It started with a pair of heels clicking down the hallway of a dream.
I have a great grandmother I’ve never discussed here. She is a family legend and, like most family legends, a family shadow. She and I were never alive at the same time but she looks out for me like no one in my line but my mother’s mother Alice May, who died when I was 18.
This great-grandmother’s name was Rubenfire, which I learned long after I named my now-deceased kitty Ruby. Growing up I was only told that she was a very cruel woman who’d made a small fortune selling rags. Later I learned she was brave, charismatic, and resourceful, and that when she’d arrived here from Poland as a non-English-speaking teen, she’d done the only thing she could to support her children upon discovering her husband had started a new family in Brooklyn: She turned tricks, and eventually became a successful brothel owner in the Salem area of Massachusetts.
Yes, that Salem.
Rubenfire was by no account an easy woman but I inherited from her a quick wit, a strong instinct, and a tendency to drop winks that cut through all kinds of bullshit. My father and his father, who was her son, share these qualities as well as her famously bad temper. We are survivors in my father’s family, and our fury topples obstacles that despair only cements.
I first met Rubenfire in a dream when I was a 30something malingering in a relationship that was helping nobody, least of all myself. I think she’d had enough of watching her family founder, so she stepped through so forcefully that it straightened my spine and taught me about her real business as well as my own. The story of how she made herself heard is one of my favorites but also very long. I only will say here that, since the connection has been made, she has offered excellent guidance, especially regarding my career. (She also has taught me to be what I call a psych-dick, but I’ll save that story for a different day as well.) In turn I try to honor her legacy of creative independence, and frequent her once-forgotten grave, always bringing the cognac and pictures of handsome men that she requests.
In the last few years, she’s been quieter, maybe because I have been handling things on my own. So I was surprised and worried when I heard her heels clicking last month. In the dream she sashayed toward me, her hips rolling like a panther prowling its prey. Her message was typically direct: “You are vulnerable to attack,” she said, and rose a cigarette to dark painted lips.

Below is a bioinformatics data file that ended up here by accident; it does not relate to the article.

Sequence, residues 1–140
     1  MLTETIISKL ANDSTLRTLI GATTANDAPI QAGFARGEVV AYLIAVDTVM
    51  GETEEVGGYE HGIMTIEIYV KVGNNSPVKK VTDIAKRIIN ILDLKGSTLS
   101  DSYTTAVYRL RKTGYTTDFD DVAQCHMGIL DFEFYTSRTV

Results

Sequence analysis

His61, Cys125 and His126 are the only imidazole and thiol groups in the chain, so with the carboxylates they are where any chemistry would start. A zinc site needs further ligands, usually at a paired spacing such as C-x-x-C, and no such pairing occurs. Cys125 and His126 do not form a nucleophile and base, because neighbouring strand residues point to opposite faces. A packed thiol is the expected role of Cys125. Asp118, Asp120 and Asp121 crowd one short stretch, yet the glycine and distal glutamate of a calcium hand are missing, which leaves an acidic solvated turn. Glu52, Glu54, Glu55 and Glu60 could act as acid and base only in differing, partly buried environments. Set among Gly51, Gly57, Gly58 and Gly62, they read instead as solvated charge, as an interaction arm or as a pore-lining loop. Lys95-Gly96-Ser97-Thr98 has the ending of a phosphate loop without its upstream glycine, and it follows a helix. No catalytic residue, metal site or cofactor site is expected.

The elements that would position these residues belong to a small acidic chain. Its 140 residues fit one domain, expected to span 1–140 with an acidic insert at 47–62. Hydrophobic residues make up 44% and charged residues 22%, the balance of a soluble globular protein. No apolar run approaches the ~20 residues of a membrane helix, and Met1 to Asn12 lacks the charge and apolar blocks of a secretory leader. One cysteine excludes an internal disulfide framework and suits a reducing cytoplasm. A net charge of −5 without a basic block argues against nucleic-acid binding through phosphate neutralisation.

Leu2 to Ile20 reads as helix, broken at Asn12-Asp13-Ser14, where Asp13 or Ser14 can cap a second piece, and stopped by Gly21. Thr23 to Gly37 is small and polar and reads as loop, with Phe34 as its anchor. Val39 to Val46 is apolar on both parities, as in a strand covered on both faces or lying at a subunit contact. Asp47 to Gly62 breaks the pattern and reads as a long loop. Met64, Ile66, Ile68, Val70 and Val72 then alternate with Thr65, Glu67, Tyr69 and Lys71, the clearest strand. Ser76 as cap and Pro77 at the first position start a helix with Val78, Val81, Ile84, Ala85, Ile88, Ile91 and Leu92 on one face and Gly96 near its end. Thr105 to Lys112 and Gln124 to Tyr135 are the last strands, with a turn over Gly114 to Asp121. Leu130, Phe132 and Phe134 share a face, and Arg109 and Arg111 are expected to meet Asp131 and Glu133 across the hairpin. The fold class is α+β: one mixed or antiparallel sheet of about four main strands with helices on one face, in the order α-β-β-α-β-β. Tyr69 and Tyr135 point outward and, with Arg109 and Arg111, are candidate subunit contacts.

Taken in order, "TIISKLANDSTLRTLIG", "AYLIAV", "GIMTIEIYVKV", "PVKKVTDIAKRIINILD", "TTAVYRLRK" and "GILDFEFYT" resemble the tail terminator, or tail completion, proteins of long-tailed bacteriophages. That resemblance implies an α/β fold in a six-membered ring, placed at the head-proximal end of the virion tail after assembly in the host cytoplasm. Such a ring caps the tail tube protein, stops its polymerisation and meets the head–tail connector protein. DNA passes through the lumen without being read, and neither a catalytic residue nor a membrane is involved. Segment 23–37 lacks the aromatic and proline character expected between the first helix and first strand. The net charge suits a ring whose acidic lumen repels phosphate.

In the morning I knew I had no business shaking her off her words. The impending doom I experience from time to time had seized me so fiercely that not even my coffee was landing right. But it is my habit to soldier on, and so I snapped open my laptop and began the workday.
“Bless whatever you can with eyes and hands and tongue,” writes Marge Piercy. “If you can’t bless it, make it new.” My lifelong policy has been to embrace the positive and let go of the rest. Any other approach has seemed indulgent–spoiled, even–though mine can read as callous, especially since I rarely bother to discuss what can’t be fixed, especially with people invested in their dysfunction. I always say it’s good I don’t take my self-esteem cues from others’ opinions of me. I’m an unplugger, and at times the line between dissociation and optimism is infinitesimally small. Still, this is how I’ve gotten through things: make myself well, hope others do the same.
Later that morning, I looked up from my work to see a text from a mentor who is also a dear friend. “Do you know anyone who can undo a hex?” he wrote. I sent back a light obscenity, assuming he was mocking my work as an intuitive. He texted again. “I’m serious. I’m pretty sure I’ve attracted a lot of bad energy that is causing destruction in my life.”
“Hexes only work if you believe in them,” I wrote back. “I find it interesting that you don’t believe in divine energy but you do believe in bad energy.”
An hour later, I noticed a ton of odd traffic on this blog. Pornographic google searches were driving people to my site in droves. I’m not a prude by any means but these terms were super nasty; some were racist, too. While I was trying to sort out what it all meant, a friend hipped me to something awful that had been posted about me on Facebook.
Normally, I let everything on social media go without bothering to respond. Though I’m hardly a famous personality, some viewers have a seismically bad reaction to a middle-aged lady on television who has the audacity to take up space. Normally I view their ugliness as peanuts thrown at the boxing ring, but in this case I knew the person who had posted about me. She was one of the people from whom I’d unplugged after I’d assessed being in touch wasn’t helping either of us. I’d never bothered to restrict her access to me on Facebook because it hadn’t occurred to me that such measures would be necessary: I bore her no ill will though it now seemed clear she bore me plenty. Her method of airing it validated my impulse to disengage from her, but also called into question my method of separation.